While interviewing Scott over the phone, in the background I heard his toddler son, Seth, who attacked an officer during the raid, break into the conversation for a moment. “You know who I hate, daddy? I hate the government. They steal your money.”
Patterns of persecution
When Rob Brown and Charles Scott were arrested, their wives were also charged with the same “offences”, cultivation and possession for the purpose of trafficking. Less than a week after his arrest, Charles Scott called Cannabis Culture to report that officers had dropped by his home. They told Scott that they were going to the hospital to press charges against his wife, who was battling to save her unborn child.
Rick Reimer, Rob Brown’s lawyer, explains the officers’ strategy: “Their style is to swoop down with heavily armed officers and SWAT teams and charge every member of the family that they raid. Not that they doubt who it is, but because by charging mom and sis and brother they have much more likelihood of extracting a guilty plea from one of the four, which is usually dad.”
Another common tactic of police seeking to inflict disease and hardship on innocent Canadians, says Reimer, is to make medical marijuana growers look bad in the press.
“They are filling the media with pictures of guns they are finding, and greatly in-flated values for the pot they are seizing,” says Reimer. “They are making it look like they are going after Colombian drug lords or something.”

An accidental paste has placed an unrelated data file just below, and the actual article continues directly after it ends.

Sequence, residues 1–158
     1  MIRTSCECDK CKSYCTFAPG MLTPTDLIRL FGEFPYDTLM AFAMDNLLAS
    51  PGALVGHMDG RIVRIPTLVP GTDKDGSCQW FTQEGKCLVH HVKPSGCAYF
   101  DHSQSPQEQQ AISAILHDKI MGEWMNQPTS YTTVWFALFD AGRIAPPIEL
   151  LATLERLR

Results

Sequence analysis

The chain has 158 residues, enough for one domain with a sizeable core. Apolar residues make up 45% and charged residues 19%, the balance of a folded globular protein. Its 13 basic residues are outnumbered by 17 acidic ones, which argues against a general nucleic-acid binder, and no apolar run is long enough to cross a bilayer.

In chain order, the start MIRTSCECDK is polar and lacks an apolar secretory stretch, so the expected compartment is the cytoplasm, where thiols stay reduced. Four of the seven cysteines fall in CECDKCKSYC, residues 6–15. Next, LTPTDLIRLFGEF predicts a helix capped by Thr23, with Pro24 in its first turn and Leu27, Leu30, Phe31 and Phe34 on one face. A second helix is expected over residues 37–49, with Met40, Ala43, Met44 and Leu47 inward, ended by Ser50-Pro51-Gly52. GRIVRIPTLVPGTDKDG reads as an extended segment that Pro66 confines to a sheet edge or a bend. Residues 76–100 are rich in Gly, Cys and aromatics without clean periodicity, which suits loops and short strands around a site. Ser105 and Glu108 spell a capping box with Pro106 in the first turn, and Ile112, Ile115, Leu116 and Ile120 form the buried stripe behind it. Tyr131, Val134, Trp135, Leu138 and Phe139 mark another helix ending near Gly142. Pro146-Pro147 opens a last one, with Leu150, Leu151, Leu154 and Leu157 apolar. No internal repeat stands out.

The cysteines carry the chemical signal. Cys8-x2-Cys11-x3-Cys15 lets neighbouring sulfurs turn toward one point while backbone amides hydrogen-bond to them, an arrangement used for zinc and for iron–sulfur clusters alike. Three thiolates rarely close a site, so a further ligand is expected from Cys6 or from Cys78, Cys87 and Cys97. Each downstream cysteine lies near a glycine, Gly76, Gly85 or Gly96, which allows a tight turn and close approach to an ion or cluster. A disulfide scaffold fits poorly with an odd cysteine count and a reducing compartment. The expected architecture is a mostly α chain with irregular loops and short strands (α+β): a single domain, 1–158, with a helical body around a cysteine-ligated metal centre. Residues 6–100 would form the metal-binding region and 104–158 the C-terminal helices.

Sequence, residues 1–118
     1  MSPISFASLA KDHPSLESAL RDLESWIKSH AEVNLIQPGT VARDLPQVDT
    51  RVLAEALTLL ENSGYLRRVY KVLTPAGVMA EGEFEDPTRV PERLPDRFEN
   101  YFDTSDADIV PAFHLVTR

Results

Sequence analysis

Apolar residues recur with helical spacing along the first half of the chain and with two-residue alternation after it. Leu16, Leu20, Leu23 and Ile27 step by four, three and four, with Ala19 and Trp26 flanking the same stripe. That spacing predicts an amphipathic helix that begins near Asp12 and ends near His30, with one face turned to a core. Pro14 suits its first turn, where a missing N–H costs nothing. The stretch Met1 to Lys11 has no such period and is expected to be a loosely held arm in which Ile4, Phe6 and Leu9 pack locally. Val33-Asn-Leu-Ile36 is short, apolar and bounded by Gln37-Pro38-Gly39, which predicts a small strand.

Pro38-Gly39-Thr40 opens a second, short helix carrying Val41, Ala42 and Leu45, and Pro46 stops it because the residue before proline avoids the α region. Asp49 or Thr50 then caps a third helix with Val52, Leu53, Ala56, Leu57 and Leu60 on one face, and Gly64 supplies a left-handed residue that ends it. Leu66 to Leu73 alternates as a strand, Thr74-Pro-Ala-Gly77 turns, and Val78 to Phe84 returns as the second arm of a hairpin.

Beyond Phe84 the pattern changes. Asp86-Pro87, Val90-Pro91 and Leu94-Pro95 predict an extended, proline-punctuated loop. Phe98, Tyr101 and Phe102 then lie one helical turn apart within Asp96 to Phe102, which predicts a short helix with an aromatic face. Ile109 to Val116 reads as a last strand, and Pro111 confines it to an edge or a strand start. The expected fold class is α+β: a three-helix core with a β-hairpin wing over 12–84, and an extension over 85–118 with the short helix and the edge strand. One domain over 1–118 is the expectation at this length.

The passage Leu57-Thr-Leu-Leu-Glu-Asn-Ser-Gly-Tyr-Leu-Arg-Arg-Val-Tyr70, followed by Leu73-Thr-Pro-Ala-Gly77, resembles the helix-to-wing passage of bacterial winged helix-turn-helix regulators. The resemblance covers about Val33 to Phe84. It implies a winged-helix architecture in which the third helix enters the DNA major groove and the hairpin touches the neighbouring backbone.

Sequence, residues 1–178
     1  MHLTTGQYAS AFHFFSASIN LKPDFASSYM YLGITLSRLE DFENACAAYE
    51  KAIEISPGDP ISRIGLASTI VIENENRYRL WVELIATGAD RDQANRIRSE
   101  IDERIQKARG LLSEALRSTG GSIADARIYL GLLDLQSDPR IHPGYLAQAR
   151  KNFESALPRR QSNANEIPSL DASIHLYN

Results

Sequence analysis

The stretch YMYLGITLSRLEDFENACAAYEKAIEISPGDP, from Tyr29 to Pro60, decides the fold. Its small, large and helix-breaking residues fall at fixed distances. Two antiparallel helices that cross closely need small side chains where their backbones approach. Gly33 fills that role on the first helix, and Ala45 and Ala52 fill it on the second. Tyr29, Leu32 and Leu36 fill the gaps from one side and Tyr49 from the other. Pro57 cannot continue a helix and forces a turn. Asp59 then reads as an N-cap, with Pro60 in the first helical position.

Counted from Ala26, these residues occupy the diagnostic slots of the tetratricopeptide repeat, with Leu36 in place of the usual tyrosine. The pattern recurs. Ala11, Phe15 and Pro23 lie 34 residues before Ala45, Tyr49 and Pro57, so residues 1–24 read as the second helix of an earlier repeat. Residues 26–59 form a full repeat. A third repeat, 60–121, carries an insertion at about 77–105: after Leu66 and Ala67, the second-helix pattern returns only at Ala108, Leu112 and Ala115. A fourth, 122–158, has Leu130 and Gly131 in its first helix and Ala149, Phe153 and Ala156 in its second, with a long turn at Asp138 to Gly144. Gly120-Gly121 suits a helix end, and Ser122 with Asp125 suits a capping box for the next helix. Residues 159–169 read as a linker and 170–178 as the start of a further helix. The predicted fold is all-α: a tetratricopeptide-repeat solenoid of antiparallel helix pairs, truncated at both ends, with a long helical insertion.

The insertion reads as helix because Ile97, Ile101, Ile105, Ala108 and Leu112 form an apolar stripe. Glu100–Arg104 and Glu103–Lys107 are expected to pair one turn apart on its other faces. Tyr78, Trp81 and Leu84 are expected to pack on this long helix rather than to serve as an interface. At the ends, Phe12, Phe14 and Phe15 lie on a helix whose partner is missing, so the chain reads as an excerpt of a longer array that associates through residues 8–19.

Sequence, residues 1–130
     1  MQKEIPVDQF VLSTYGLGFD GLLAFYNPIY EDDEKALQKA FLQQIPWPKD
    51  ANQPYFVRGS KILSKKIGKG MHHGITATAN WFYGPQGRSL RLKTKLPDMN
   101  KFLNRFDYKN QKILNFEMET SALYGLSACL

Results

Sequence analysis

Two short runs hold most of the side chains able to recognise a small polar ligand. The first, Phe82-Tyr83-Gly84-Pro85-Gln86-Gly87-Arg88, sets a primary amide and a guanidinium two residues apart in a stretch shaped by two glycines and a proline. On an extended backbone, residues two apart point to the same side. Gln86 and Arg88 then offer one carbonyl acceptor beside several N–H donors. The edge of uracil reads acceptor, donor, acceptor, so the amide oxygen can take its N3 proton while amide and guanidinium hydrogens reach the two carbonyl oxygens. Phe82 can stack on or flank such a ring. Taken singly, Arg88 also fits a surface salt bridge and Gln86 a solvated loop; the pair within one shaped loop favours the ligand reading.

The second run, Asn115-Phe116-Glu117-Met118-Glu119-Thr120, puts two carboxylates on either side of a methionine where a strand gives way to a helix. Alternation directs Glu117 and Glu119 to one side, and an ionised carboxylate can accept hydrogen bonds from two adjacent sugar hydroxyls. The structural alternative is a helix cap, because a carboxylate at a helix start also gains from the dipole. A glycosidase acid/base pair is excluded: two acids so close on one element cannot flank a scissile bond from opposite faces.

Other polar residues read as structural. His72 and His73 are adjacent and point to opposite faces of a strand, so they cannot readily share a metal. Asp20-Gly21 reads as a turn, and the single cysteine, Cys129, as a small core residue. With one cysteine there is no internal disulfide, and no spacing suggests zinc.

Charles Scott remembers how officers harassed his wife. “They kept on screaming at her, ‘where’s the guns!?’ We didn’t have any.”
Police also exagerrated the value of Brown’s garden. Of his 65 plants, about 32 were males, some already dead. Brown’s usual take from each plant was about 1/2 oz of schwaggy bud. All the plants were under a single 1000-watt light, and worth perhaps $100 each. Yet police assessed each of the 65 plants as being worth $1000. Police assessed Brown’s $3,300 harvest as being worth at least $65,000.
Years of breeding lost
Canada’s Ministry of Health tells the public that it is interested in doing cannabis research, yet the most advanced research in the country is being routinely destroyed at the hands of police.
“They were the best plants that I had found for the illness that I had in my body,” says Brown. “Sometimes the biggest disadvantage I feel [with other cannabis]is that I get so high that I forget to smoke and I wind
Charles Scott was also growing a plant especially suited to his condition. “The kind of cannabis I was growing was specifically good for two things? for acute pain and depression,” asserts Scott.
Charles Scott phoned the Ministry of Health and begged them to preserve the unique genetics of the species he was breeding. An official named Brad Buckston answered Scott’s call.
“I said that I had spoken to Wakeford the day before and that it didn’t seem like he could provide for his own needs,” recalls Scott. “And Buckston said, ‘I guess Wakeford will have to buy off of the street.’ Then he said that no medical marijuana will be grown by farmers in Canada, it will be produced only by the government, in laboratory conditions.”
Moving forward or being dragged?
The Ministry of Health may appear to be moving forward on medical cannabis in the eyes of the media, but the government is doing exactly the opposite behind the scenes.
Rock’s announcement of 14 more legal medical users could be compared to giving a baby a pat on the head while you steal its candy.
The 14 new exemptions were made public only one day before the government took Terry Parker back to court to appeal an earlier decision ? a decision which gave Parker the constitutional right to medical marijuana to treat his epilepsy (see CC#23, Constitutional challenges continue).